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Python Roadmap

by Cameron Laird

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Programming Stackless Python

Introduction to Stackless Python

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How does Stackless Python fit into Python's future? To understand that, we first need to see where the Python programming language is headed.

Lots of news

2000 will have been an eventful year for Python. The biggest news so far has been the westward shift of its developmental center-of-gravity.

Guido van Rossum conceived Python at the end of 1989 while a researcher at the National Research Institute for Mathematics and Computer Science (Centrum voor Wiskunde en Informatica--CWI) in Amsterdam. Since 1995, the not-for-profit Corporation for National Research Initiatives, headquartered in Reston, Virginia, has employed him. At the end of May, though, "open-source applications portal" hired van Rossum and several colleagues to construct PythonLabs within the Santa Clara-based BeOpen Network. PythonLabs headquarters remains in Reston.

At the engineering level, version 1.5 in its various releases (1.5.2 was the last release of Python 1.5) remains current. There have been two recent follow-ups to 1.5. One is called 1.6, released in it's final form last month. The other is designated 2.0, and was just released this week. Many working programmers will find 1.6 and 2.0 indistinguishable for daily work. Andrew Kuchling, who twice a month summarizes traffic on the python-dev mailing list where deep issues are worked out, puts it this way:

1.6 is the Python CVS tree at the end of May, fixed so that Unicode and SRE [a regular expression alternative] both work and are up-to-date. 2.0 includes all the development since May, which includes new modules, most of the serious language changes such as list comprehensions, and more fixes.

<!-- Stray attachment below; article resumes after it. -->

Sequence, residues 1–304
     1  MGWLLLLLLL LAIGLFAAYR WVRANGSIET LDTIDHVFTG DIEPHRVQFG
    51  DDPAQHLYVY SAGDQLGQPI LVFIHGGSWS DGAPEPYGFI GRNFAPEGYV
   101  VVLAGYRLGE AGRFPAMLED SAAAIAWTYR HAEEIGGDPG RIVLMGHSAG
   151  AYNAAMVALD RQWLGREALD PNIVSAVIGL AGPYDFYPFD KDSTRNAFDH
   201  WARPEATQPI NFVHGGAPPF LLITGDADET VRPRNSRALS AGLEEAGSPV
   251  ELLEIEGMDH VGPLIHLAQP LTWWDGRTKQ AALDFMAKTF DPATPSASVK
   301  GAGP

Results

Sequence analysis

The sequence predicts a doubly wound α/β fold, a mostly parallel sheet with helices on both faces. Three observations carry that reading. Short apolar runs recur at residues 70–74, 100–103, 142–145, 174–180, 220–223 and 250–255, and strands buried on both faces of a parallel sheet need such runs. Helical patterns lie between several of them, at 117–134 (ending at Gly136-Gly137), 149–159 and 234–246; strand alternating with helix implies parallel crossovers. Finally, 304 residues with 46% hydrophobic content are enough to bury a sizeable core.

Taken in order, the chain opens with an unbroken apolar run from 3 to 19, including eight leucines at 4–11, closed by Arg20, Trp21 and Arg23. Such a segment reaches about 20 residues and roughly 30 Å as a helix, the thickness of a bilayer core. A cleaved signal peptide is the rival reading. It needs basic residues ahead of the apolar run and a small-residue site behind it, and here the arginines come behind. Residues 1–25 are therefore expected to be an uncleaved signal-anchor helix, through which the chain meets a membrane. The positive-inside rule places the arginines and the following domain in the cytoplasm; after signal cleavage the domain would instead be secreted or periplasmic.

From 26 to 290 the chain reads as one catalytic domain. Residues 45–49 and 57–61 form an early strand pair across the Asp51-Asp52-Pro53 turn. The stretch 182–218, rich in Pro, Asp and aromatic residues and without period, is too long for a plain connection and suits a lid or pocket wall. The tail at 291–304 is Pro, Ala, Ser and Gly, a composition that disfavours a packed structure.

Why have two versions so close in appearance with such different labels? A tangle of reasons, including the relocation from CNRI to BeOpen, led to this slightly confusing resolution. While the inner circle struggles with licensing and numbering complexities, the highlights for external developers are simple:

  • Python is as free as ever. It can be used, modified, copied, and so on, without restriction. Consult a lawyer as appropriate.
  • The biggest advantage of Python 1.6 and 2.0 over 1.5 is their complete support of Unicode. Unicode's prominence in XML standards makes this enhancement a crucial one even for programmers with no obvious interest in "internationalization." Also, the core 2.0 distribution now includes several useful new library modules which manage zipfiles, Unicode conversion, memory-mapped files, and more. Other changes are mostly technical: details of type usage, display formats of numbers, and other relatively minor matters.

Python 1.6 and 2.0 are not Stackless. Work at different levels has already begun on both 2.1 and what is lightheartedly called "Python 3000." Python 2.1 will be the evolutionary follow-up to 2.0. Python 3000 will be a substantial rewrite of Python, perhaps the largest one yet, and likely will appear in 2002 or later.

Whether 2.1 includes Stackless or not remains an open question. Should 2.1 incorporate Stackless? As Introduction to Stackless Python, the first article in this series, explained in more detail, not even that most basic question has been decided yet. Stackless' fans argue that its inclusion is an easy choice. Stackless Python is faster, more capable, and mature, because it's been used for many months in "mission-critical" applications already in production. A change to stacklessness is a "pure win," with no significant costs.

On the other side are two main arguments:

  1. Van Rossum is conservative. That is, he's careful with Python's development. There's no denying that Stackless represents a significant change to one aspect of Python's implementation. Van Rossum simply needs time to digest all its implications, and determine whether it's truly safe for his language.
  2. JPython presents difficulties.

JPython requires a bit of explanation.

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